What the Helvetica?

Most of us don’t pay too close attention to the default font in Microsoft Office Microsoft 365, but if you have become wedded to Calibri, prepare for a divorce, as, via Ars Technica, Microsoft has announced that it has selected a new default typeface for Word, Excel, PowerPoint, Outlook, etc.

“Calibri has been the default font for all things Microsoft since 2007, when it stepped in to replace Times New Roman across Microsoft Office,” the Microsoft Design Team opined in Calibri’s de facto obit. “It has served us all well, but we believe it's time to evolve.”

Into what? dare we ask. Aptos.

Aptos was created by Steve Matteson, who is also responsible for Windows 3.1’s original TrueType fonts (including Times New Roman, Arial, and Courier New) as well as Segoe, which has been Windows' default system font since Vista and is also used for Microsoft’s current logo. Given Matteson’s history with Microsoft, choosing Aptos over the others feels like the safest possible choice.

It is described as “Helvetica, but with a human touch.” What, was Helvetica designed by AI?

Aptos is described as a font with "warmth" that is "professional and yet relatable." Relative to Arial, it is also "more mechanical and rationalized" with "a lack of somewhat fussy curves." Matteson says he drew the initial shapes by hand on paper rather than on a computer so that they wouldn't become too "ephemeral." The post also highlights that a lowercase l and an uppercase I are made to look different, something you'll understand the importance of if you read this sentence again.

These days, we understand the need to easily differentiate between a lowercase “l” and an uppercase “I,” although the phrase “Weird AI” could go either way.

All About the Benjamin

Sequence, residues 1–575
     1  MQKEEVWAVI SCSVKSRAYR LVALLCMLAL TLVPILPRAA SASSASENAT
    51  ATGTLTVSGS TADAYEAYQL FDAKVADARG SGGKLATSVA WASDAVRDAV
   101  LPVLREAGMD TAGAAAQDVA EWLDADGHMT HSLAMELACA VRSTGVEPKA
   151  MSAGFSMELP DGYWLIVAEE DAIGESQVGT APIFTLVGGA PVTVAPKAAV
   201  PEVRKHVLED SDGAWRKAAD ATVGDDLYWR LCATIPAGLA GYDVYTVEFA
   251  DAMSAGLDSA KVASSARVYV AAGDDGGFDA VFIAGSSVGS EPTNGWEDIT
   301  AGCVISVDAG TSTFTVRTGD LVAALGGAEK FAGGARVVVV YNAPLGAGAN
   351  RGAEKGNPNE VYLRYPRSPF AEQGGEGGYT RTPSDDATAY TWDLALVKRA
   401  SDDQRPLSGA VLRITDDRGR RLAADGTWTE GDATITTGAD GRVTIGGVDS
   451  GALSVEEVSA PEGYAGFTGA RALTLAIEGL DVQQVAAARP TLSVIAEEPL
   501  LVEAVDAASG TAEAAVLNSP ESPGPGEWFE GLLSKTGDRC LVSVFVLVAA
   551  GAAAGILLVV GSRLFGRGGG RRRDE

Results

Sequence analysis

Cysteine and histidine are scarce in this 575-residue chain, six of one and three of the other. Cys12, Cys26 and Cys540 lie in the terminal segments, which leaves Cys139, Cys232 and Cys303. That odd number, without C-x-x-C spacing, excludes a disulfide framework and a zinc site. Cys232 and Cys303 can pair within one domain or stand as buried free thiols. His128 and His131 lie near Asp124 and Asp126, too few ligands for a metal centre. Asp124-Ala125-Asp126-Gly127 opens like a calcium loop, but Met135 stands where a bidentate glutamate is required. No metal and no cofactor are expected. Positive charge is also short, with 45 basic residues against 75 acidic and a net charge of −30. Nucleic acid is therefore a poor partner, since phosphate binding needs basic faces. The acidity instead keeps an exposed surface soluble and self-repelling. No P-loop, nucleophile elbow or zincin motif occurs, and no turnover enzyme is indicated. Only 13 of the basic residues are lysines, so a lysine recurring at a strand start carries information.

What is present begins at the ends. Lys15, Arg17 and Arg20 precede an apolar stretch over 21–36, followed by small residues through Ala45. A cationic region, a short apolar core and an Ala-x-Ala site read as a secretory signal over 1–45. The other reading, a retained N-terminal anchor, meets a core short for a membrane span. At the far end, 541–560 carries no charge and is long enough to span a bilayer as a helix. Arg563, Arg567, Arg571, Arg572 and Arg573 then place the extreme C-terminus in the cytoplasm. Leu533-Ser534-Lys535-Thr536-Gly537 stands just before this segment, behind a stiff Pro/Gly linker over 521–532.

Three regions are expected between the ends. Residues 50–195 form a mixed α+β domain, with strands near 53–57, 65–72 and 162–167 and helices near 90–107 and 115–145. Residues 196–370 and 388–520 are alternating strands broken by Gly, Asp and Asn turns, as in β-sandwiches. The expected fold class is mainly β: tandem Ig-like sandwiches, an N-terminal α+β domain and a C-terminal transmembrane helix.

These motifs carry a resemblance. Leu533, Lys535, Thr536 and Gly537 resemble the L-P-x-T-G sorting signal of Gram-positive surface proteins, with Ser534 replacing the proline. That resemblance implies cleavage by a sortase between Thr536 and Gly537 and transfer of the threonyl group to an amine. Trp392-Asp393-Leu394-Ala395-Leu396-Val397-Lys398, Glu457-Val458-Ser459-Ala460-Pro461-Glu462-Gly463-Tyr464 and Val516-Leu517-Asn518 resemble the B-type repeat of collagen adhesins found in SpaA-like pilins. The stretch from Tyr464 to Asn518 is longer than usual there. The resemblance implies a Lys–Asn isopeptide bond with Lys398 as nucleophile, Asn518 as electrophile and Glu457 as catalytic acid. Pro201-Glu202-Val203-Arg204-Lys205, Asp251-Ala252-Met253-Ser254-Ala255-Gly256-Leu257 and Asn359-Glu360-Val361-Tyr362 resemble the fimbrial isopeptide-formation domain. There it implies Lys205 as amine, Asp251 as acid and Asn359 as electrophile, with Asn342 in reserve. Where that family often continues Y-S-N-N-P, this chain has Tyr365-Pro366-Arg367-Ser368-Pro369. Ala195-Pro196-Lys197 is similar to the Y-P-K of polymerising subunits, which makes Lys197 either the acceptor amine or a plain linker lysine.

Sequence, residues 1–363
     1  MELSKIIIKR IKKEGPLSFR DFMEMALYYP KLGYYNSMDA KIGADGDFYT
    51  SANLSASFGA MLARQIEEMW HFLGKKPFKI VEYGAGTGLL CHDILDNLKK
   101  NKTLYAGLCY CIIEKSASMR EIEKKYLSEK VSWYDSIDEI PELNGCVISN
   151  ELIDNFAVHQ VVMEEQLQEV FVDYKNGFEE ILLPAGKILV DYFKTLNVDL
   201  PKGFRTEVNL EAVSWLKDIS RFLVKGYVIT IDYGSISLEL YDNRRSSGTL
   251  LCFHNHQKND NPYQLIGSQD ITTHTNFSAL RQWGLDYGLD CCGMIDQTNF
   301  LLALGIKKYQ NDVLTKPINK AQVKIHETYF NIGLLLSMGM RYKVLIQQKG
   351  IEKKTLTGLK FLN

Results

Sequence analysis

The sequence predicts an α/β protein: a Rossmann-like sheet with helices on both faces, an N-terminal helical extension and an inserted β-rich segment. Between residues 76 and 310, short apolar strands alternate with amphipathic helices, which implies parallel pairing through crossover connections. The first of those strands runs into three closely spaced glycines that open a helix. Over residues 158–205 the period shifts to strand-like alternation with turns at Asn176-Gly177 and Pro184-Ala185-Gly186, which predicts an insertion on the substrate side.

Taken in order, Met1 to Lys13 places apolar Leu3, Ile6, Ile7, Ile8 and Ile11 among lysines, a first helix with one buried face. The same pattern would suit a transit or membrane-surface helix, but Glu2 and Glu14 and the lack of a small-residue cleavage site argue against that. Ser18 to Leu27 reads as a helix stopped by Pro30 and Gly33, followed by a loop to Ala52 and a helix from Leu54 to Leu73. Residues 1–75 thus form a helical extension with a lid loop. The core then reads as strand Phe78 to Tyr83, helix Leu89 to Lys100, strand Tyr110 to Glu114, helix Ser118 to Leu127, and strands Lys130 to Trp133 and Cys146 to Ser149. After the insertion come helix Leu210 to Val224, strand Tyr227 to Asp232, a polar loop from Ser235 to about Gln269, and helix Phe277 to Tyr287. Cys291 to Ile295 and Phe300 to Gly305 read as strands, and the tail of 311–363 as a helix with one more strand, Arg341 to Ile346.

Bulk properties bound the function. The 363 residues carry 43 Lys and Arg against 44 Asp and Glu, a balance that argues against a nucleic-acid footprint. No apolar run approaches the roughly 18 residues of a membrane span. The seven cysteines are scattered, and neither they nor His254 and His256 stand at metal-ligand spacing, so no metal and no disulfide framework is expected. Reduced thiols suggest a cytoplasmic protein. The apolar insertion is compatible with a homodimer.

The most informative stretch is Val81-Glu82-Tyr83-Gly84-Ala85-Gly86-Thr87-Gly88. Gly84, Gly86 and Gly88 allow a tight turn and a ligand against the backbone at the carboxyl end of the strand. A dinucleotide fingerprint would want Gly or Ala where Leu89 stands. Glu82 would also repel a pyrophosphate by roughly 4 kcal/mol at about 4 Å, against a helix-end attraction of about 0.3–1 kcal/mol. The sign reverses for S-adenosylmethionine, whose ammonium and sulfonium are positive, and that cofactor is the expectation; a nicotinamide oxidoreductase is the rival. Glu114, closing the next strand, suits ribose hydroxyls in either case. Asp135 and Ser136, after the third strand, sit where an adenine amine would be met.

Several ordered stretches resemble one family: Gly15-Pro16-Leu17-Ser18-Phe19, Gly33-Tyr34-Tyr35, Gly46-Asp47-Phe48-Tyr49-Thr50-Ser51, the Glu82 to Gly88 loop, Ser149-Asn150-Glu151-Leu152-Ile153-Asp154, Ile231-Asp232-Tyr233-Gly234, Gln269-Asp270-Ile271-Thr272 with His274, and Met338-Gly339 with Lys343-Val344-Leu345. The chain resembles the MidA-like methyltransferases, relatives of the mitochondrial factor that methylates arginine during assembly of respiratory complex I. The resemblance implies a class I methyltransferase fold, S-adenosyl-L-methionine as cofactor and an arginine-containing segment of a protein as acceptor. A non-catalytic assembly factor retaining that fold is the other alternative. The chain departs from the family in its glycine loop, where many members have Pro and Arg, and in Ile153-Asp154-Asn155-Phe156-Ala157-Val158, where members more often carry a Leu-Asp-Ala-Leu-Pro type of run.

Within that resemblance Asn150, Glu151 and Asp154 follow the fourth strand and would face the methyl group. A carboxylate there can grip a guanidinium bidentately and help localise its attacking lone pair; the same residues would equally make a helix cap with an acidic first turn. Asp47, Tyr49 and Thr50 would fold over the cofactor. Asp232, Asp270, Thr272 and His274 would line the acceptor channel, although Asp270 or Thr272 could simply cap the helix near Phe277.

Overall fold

A common anti-counterfeiting technique has long been to weave tiny colored fibers into paper currency. The process was believed to have been the brainchild of Zenas Marshall Crane, a Massachusetts papermaker who began it in 1844. However, via Ars Technica, scientists at the University of Notre Dame have found that the process was being implemented much earlier—and by none other than Benjamin Franklin.

The first paper money appeared in 1690 when the Massachusetts Bay Colony printed paper currency to pay soldiers to fight campaigns against the French in Canada. The other colonies soon followed suit, although there was no uniform system of value for any of the currency. To combat the inevitable counterfeiters, government printers sometimes made indentations in the cut of the bill, which would be matched to government records to redeem the bills for coins. But this method wasn't ideal since paper currency was prone to damage.

…Franklin was a strong advocate of paper currency from the start. For instance, in 1736, he printed a new currency for New Jersey, a service he also provided for Pennsylvania and Delaware. And he designed the first currency of the Continental Congress in 1775, depicting 13 colonies as linked rings forming a circle, within which "We are one" was inscribed. (The reverse inscription read, "Mind your business," because Franklin had a bit of cheek.)

As expected, it wasn’t long before counterfeiting became a thing, and Franklin et al. found themselves at war with the producers of funny money, devising new and better methods to help distinguish real from fake bills. (In 1739 in Pennsylvania, Franklin’s printed currency deliberately misspelled the state's name, thinking that counterfeiters would be inclined to correct the misspellings.) Franklin kept a record of his anticounterfeiting techniques, but alas that record has been lost. So, to get an idea of what Franklin did:

The Notre Dame researchers applied a broad range of advanced physics-based instruments and techniques to analyze the structure and composition of the inks, fibers, paper, and fillers Franklin's network used to make more than 600 bills between 1709 and 1790; they also analyzed other 18th-century currency and known counterfeits. The samples came from the Rare Books and Special Collections of the university's Hesburgh Library. Those methods included Raman spectrometers, transmission electron microscopes (TEM), a 3MV tandem accelerator, handheld X-ray fluorescence (XRF) scanners, micro-XRF scanners, and X-ray diffractometers, among others.

Among other things, Franklin made his own inks and also started adding a hard-to-copy watermark.

Later on, Franklin started introducing slivers of muscovite, or mica (potassium aluminum), into the paper he used to print money, apparently taken from a mound behind his house. That mica had a unique composition, electron microscopy revealed, which would have been extremely difficult for forgers to copy since they didn't have access to his personal pile of ore. And Manukyan et al. found that the size of the muscovite crystals in Franklin's paper increased over time.

Recently, however, they discovered he used other paper-based anti-counterfeiting techniques.